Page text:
Brainstorming: How to get that next bright idea

Not every idea is a good idea
In time-poor environments, there are simple steps to be followed.
There's no such thing as a bad idea.” At some point, everyone who has ever participated in a creative thinking session has heard that saying. But is it true? Is every idea really a good idea?
Alex Osborn, an advertising executive and one of the world’s most famous brainstorm leaders, stood by the mantra. He believed that the most successful creativity came when ideas were heard without criticism. But in a time-poor environment, many ideas are simply stopped in their tracks without a fair trial. So what are the biggest hurdles preventing that “big idea” from coming to life and how can businesses be more effective in thinking outside the box?


A certain amount of structure in brainstorming is key to making the most of people’s already stretched time.
Make sure the participants know how much of their time you’ll need. Knowing at what point they’ll be back at their desk means they can focus on the job in hand without the “how long is this going to take?” attitude.
Start the session by laying out the problem and objectives of the solution. Question the brief and define the responsibilities of those present.
But remember to keep it simple. Solving problems via an overly analytical process can lead to the development of limited and unimaginative ideas.
An hour of focused quality time with the right people can at times be far more creative than a whole day’s thinking.


Criticism kills creativity. Approach every brainstorm with an open mind and a spirit of non-judgement.
Creating a free and positive environment will encourage everyone to participate. The last thing you want is a situation where people are too scared to speak up, holding back because they’re worried about what colleagues might say or think.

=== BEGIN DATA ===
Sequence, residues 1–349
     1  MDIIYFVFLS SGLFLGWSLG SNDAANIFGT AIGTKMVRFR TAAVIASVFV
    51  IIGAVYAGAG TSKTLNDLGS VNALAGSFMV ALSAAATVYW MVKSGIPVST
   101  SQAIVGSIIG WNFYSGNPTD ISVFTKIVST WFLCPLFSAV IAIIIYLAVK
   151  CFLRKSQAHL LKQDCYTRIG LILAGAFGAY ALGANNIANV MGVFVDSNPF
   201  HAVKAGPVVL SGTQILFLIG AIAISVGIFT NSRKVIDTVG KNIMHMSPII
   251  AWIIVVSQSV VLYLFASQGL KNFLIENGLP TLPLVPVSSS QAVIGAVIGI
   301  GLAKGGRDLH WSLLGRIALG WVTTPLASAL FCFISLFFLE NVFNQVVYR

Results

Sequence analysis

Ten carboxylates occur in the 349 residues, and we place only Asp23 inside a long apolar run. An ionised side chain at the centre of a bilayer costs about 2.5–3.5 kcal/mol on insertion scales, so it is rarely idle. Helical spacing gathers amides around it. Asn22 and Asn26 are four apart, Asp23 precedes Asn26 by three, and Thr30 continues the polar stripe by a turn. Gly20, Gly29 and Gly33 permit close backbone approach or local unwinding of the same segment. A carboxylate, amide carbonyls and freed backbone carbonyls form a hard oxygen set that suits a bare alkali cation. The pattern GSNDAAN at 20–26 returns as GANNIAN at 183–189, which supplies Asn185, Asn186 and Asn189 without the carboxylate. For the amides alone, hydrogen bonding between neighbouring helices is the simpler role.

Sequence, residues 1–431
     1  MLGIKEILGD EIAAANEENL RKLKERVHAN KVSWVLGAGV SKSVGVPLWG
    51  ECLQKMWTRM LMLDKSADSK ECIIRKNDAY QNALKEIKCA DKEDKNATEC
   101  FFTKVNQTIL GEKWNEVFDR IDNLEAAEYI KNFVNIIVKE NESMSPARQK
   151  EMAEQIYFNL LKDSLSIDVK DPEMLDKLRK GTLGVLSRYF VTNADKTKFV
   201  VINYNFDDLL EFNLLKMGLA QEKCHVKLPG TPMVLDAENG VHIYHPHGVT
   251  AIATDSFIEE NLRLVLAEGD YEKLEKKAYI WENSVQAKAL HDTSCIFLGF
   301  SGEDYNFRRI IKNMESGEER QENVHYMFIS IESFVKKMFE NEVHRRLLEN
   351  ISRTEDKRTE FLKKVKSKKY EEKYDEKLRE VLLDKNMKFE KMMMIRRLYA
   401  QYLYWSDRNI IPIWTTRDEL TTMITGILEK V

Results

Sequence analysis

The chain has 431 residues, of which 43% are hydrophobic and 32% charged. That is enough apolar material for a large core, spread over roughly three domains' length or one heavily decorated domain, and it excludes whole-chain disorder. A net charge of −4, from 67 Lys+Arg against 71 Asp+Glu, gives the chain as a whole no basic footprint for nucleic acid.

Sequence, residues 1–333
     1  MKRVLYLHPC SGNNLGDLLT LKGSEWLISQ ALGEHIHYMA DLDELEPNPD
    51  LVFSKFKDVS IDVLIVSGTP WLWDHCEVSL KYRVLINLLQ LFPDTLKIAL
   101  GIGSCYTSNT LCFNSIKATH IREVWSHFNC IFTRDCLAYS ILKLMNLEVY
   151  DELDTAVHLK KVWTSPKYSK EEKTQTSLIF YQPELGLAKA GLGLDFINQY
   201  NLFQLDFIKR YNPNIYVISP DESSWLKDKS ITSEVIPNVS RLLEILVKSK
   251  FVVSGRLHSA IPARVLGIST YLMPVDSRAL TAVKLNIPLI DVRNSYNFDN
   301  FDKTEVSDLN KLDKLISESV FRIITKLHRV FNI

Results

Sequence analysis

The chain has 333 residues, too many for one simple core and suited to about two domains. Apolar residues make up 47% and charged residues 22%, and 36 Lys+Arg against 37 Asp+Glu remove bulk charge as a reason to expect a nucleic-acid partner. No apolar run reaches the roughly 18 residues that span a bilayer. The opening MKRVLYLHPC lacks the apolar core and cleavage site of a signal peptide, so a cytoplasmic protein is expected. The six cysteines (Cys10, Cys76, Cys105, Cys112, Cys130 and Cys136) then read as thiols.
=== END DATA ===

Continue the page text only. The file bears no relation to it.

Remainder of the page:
It’s not a case of patting each other on the back and being overly complimentary and nice to each other – but it is about being good to each other.
If someone suggests a concept that isn’t quite on the mark, don’t disregard it. Treat every thought and idea as a trigger and a prompt to something else. Build on it and move with it and that big idea may move with you.
It’s also worth remembering that people are likely to be more committed to an idea if they were involved in its creation and development – and that also applies to clients.


Leave job titles outside. We come to brainstorms as just that – brains, rather than seniority. It’s important that everyone involved attends with the spirit of openness; prepared to listen to everyone’s suggestions.
Mixing up skill sets and bringing together a diverse range of experiences is the key. It only increases the richness of the ideas explored, which ultimately results in better solutions for a client’s problem.
Lastly, effective creative thinking comes from the quality of people in the room rather than the quantity of people voicing ideas. So the next time you’re booking a team session, remember it isn’t about having everyone there, it’s about having the right people there for the brief in question.
David Jenkinson is a creative director for global brand design agency Elmwood.

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